Getting sober may mean that you talk with your doctor first about your intentions. He or she can refer you to an addiction treatment program or make recommendations about how to approach getting sober. Whether you take the rehab approach or go to private therapy, get involved with self-help groups, or prefer a more self-directed approach, the most important thing is that you do something to get help.
First, examine your motives for wanting to stay sober through an addiction treatment program. Have you reached a time in your life where you feel that you’ve wasted your opportunities, not taken advantage of what came your way? Is it because you spend much or all of your leisure (and other) time drinking, thinking about drinking, reminiscing about the good times you had drinking – and then suffer the inevitable hangovers, lost time from work, blackouts, auto accidents, DUIs, arrests, injuries, even violence to loved ones? Maybe you’ve had to reach the bottom before you get serious about getting and staying sober.
Still, is it just a brief hiatus from drinking that you’re after, or are you genuinely committed to giving up alcohol? If you’re racking up serious negative consequences due to alcohol, it’s only going to get worse. Once you are addicted, alcoholism is a progressive disease, but you can learn how to overcome it and live a life in sobriety.
Imagine that. Being able to wake up clear-headed and in full grasp of your faculties. You have goals, are eager to tackle projects, spend quality time with loved ones and close friends, engage in healthy physical and recreational activities – all the things we associate with a good life.
You can achieve this goal – if you really want it and work very hard to get it. No, your future isn’t guaranteed. But if you don’t get help to overcome your problem with alcohol, that future is pretty much predictable: you could wind up losing family, friends, job, home, suffer increasing medical problems, wind up in jail, bankrupt, or even die.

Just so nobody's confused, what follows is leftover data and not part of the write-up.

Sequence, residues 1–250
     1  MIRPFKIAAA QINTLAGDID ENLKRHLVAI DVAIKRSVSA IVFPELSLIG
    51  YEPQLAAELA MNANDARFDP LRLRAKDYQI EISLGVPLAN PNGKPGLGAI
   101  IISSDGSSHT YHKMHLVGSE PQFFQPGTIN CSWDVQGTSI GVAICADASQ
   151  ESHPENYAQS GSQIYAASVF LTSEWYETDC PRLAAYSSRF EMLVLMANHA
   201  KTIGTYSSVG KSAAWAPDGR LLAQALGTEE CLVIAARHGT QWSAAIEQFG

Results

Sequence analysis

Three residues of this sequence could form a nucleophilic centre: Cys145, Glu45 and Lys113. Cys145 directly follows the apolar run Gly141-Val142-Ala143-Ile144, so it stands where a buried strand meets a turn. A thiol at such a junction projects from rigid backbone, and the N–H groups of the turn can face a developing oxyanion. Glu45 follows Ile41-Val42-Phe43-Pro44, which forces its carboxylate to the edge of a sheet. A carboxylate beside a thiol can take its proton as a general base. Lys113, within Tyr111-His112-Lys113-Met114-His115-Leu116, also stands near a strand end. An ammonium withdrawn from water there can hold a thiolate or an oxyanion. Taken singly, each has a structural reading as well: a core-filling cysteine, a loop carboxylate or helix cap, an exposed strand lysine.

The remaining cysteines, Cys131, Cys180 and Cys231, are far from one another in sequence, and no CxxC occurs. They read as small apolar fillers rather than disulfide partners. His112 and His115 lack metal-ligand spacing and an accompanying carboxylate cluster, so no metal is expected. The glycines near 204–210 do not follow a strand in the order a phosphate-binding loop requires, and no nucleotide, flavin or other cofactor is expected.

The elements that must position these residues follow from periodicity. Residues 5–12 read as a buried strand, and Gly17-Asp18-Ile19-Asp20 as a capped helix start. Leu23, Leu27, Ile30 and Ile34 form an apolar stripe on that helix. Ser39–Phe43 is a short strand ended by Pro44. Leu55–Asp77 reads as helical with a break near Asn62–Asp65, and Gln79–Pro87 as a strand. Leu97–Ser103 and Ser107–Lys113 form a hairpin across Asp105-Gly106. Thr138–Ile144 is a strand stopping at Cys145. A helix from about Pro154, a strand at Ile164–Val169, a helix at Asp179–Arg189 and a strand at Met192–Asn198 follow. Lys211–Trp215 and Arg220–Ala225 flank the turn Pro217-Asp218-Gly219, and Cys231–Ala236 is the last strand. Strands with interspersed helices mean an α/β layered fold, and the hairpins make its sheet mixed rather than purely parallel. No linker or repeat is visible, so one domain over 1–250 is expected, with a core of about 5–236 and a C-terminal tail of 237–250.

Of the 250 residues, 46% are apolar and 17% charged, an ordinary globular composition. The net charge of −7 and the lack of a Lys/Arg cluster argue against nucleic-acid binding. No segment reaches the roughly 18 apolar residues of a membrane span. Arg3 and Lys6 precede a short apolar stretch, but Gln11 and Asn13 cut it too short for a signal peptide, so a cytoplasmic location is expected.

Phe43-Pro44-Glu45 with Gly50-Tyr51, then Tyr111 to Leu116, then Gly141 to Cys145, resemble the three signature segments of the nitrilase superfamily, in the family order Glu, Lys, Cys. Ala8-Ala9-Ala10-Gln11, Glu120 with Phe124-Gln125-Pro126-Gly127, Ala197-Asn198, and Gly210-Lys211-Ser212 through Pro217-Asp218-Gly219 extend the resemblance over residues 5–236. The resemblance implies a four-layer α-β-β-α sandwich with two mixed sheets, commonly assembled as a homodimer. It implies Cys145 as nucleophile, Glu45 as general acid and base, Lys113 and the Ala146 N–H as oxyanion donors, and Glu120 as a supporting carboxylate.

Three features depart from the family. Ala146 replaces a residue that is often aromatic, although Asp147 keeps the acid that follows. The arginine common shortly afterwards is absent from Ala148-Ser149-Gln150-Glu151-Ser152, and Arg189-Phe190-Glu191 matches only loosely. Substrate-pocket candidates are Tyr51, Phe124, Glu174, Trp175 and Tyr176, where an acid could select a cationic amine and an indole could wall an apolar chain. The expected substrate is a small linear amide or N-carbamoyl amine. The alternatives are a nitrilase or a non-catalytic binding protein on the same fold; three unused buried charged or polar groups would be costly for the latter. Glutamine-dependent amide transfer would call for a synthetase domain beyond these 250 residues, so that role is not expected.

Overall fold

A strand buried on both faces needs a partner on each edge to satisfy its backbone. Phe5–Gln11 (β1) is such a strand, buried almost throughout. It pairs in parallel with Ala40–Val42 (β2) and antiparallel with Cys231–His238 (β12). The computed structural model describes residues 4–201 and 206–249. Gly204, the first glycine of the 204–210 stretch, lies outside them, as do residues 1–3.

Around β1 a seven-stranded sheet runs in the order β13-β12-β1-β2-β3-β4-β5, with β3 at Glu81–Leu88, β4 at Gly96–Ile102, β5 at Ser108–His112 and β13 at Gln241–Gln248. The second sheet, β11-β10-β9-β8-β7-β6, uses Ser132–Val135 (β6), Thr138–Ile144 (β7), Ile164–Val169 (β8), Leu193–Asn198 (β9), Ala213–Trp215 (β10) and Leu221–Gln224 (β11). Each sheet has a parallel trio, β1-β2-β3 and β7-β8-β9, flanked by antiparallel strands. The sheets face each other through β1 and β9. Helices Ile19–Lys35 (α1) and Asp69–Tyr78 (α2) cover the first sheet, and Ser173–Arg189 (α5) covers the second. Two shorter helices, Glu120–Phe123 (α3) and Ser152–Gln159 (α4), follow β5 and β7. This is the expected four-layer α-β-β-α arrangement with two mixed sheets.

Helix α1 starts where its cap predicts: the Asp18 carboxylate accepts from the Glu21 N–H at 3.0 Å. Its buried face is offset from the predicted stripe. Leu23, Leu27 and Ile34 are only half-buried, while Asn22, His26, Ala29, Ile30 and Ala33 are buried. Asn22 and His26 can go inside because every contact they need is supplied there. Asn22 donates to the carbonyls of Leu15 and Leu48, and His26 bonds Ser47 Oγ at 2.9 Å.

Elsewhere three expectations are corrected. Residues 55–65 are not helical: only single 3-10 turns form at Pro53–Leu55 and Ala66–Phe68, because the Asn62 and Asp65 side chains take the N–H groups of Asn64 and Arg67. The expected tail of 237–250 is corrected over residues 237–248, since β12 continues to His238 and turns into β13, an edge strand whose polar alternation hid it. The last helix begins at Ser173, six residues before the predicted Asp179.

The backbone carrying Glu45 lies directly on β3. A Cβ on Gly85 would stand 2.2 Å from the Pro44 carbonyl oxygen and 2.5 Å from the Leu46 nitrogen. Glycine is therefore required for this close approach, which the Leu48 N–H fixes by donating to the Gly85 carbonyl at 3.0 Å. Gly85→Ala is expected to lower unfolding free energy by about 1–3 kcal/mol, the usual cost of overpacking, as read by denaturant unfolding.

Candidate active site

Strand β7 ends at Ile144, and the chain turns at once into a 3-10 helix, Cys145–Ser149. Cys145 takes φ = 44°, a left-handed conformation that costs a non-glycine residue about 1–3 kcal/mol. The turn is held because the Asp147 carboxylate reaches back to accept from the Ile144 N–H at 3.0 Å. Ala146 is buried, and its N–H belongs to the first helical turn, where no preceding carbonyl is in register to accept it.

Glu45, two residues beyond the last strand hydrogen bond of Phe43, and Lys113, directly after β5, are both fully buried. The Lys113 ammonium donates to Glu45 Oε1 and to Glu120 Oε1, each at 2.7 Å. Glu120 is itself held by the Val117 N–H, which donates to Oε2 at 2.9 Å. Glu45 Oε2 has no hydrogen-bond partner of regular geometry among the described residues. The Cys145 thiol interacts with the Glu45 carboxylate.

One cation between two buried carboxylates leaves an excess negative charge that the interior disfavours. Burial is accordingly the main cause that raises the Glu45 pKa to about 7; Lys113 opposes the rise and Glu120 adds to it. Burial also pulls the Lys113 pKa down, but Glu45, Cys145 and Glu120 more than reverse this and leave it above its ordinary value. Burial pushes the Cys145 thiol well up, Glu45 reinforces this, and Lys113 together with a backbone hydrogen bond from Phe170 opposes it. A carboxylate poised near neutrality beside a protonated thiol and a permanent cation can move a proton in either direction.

Ask yourself these questions. The answers may tell you how committed you are to staying sober.
- Do I regularly drink more than I intend to? Is this something that I really want to stop?
- Do I need to drink in order to relax or feel better? Is this something I want to get a handle on?
- Do I feel guilty or ashamed about my drinking habits? Is this an issue I want help with?
- Do I lie to others or conceal my drinking habits? Isn’t this a behavior that I want to quit?
- Are my friends or family members concerned about my drinking habits? Do I want to do something to change my behavior?
- Do I blackout and/or forget what I did while I was drinking? Has this happened more than once? Isn’t this enough to convince me that I want to do something to overcome drinking?
If you answered yes to more than one of these questions, you have a drinking problem. If you truly want to get help from an addiction treatment program, you are in the right frame of mind to do something about it.